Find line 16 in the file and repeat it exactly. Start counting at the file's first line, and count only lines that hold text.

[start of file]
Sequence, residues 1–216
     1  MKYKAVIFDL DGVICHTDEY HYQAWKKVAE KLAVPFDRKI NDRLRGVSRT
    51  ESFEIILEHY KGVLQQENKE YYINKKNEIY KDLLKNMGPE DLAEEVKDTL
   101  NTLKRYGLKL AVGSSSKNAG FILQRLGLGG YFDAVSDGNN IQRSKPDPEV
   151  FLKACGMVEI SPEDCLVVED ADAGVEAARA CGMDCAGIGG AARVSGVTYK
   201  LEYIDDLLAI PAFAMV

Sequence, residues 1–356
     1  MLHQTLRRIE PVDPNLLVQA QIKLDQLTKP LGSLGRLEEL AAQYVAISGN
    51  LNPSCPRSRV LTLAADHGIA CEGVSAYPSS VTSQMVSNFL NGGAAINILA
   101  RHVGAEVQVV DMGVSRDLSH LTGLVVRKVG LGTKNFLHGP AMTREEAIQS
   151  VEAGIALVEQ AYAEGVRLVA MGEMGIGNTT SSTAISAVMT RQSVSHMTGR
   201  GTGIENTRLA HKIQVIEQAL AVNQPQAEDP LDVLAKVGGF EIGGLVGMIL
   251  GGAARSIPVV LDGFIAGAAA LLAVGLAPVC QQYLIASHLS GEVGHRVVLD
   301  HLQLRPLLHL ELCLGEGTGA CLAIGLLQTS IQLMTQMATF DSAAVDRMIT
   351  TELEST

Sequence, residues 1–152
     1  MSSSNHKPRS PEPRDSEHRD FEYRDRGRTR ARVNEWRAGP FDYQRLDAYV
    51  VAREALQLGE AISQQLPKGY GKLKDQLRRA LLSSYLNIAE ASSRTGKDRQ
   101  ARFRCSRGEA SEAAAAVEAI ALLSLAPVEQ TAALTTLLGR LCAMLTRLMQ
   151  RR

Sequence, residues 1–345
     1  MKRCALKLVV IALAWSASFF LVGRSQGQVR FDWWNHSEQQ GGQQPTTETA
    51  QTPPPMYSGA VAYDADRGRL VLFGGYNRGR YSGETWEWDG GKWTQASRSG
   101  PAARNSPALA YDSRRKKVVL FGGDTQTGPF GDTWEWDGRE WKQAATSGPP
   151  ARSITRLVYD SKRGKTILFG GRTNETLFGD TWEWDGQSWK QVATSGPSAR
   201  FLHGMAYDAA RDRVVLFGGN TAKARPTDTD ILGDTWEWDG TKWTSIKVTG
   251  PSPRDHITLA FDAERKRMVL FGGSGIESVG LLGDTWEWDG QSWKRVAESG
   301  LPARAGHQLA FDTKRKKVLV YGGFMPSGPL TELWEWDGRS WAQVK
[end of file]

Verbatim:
Sequence, residues 1–152